Welcome to Fair Trade Friday!

Last week we looked at what fair trade IS.

Today we will look at what fair trade is NOT.

Fair trade is not

  • related to “free trade” agreements with other countries. Free trade agreements have to do with duty, customs, and tax. Fair trade is about people, not politics. It is about how they are treated, and the environment in which they work in, and the wages they receive for their work.
  • always the most expensive. While there are times that fair trade items can have a higher (retail) cost than comparable items, typically, fair trade items range in the same price range. Which should raise some red flags. If items are priced similarly (and one is fair trade) this means that the item that is not fair trade potentially could be giving the producer (maker of the item) less money for their work, allowing for exploitation in wages. Exploitation through wages is when someone takes advantage of  a person that is willing to work for less money (typically just to have a job and feed their families) and the owner makes more of a profit at their expense.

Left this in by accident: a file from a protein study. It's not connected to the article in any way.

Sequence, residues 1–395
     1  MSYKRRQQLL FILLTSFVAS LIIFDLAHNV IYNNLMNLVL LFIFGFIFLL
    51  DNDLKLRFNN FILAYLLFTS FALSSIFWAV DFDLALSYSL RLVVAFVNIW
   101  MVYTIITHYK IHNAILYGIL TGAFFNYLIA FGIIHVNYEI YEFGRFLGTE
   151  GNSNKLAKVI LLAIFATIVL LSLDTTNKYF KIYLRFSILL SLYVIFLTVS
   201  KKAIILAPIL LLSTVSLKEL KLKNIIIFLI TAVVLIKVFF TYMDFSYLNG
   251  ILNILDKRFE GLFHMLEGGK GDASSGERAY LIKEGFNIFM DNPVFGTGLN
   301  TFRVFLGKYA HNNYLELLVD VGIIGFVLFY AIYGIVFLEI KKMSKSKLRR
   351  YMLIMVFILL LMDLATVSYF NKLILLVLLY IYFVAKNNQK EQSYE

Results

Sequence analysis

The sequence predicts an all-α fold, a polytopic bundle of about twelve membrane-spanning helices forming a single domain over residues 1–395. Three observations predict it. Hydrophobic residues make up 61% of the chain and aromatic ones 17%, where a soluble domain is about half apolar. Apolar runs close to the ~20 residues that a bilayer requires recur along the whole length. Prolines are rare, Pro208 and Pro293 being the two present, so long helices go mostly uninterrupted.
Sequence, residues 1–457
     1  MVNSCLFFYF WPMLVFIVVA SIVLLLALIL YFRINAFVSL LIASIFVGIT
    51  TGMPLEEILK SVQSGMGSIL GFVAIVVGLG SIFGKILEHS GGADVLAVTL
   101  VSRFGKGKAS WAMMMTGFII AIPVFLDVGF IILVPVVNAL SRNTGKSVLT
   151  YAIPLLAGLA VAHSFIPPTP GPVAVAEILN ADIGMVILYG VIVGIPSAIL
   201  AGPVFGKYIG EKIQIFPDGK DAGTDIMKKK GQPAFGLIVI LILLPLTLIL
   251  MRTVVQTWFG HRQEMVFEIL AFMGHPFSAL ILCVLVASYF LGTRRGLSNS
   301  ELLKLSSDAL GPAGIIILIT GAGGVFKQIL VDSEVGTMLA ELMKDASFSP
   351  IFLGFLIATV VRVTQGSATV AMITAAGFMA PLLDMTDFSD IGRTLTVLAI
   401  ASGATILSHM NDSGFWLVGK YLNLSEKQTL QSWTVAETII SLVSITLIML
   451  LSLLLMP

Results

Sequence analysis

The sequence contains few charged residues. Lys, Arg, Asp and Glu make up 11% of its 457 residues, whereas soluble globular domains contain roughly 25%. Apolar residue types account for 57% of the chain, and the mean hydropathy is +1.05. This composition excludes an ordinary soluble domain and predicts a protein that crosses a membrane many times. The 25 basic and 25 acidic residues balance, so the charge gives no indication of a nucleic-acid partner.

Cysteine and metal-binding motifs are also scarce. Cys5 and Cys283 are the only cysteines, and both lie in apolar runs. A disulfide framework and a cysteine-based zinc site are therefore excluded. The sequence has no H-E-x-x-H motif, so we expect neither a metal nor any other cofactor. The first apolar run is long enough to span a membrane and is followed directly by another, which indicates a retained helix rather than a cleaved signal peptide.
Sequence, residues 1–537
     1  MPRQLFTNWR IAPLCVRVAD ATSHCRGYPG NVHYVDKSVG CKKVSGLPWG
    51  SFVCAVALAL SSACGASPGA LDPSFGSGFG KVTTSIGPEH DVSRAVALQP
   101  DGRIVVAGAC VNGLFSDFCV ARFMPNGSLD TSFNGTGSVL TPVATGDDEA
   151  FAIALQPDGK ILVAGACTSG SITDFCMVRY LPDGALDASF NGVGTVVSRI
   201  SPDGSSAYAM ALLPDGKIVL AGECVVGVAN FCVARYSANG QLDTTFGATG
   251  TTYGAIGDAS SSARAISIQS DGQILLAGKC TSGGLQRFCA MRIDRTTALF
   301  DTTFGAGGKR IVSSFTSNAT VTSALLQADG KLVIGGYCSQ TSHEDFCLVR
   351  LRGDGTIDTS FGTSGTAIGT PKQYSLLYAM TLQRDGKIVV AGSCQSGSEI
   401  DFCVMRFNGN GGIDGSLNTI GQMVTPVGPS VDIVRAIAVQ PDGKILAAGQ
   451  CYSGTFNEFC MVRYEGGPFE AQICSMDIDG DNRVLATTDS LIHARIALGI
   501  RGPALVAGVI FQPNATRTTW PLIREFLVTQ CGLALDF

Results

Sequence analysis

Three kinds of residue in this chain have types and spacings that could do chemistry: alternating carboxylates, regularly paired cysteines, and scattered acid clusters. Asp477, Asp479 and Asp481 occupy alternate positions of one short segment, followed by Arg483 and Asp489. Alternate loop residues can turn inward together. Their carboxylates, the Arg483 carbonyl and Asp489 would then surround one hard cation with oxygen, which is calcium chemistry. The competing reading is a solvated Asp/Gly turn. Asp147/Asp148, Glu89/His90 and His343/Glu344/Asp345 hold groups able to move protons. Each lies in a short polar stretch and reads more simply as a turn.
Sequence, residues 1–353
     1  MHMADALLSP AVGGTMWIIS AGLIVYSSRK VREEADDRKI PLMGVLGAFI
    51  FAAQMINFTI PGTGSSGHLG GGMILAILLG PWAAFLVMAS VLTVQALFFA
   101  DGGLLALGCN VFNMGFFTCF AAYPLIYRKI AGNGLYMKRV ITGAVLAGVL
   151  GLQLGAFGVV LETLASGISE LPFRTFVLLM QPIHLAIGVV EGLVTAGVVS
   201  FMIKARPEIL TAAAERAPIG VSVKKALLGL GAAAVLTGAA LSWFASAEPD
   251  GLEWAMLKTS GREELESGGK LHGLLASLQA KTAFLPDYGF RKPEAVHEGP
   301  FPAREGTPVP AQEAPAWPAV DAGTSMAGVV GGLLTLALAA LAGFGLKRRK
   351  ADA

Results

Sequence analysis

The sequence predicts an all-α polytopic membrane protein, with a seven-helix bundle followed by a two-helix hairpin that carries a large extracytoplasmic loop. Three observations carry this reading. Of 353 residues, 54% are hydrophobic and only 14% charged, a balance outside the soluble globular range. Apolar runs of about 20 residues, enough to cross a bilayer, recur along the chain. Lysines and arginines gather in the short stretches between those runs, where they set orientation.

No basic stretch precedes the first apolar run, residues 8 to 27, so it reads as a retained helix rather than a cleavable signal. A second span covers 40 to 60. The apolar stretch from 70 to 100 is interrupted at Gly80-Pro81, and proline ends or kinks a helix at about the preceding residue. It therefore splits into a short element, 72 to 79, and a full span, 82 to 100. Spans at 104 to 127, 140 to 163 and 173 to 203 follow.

• taking away jobs from Americans here in the US, or outsourcing mass-produced products for cheaper wage. Fair trade means that a person making bamboo shoes in Malaysia has fair wage, good working conditions, and is of age (typically 16-18+) to be working. It does not mean that the Malaysian fair trade worker is taking a person’s job here in the US.
  • Organic. Just because there is a fair trade label on something, does not always ensure the item is organic. Fair trade is about the people. Taking care of and allowing dignity in the work they do.
  • a movement. It is a global outcry for permanent change  on the behalf of people to undergird the humanity of others for a lifetime and generations to come.
  • about money. Fair trade is about the people. Ensuring that they are well cared for, paid fairly, and have sustainable income without being exploited.

Please feel free to add to the list above. Love to hear what your thoughts are!

Next week we will look at why fair trade matters to each of us.

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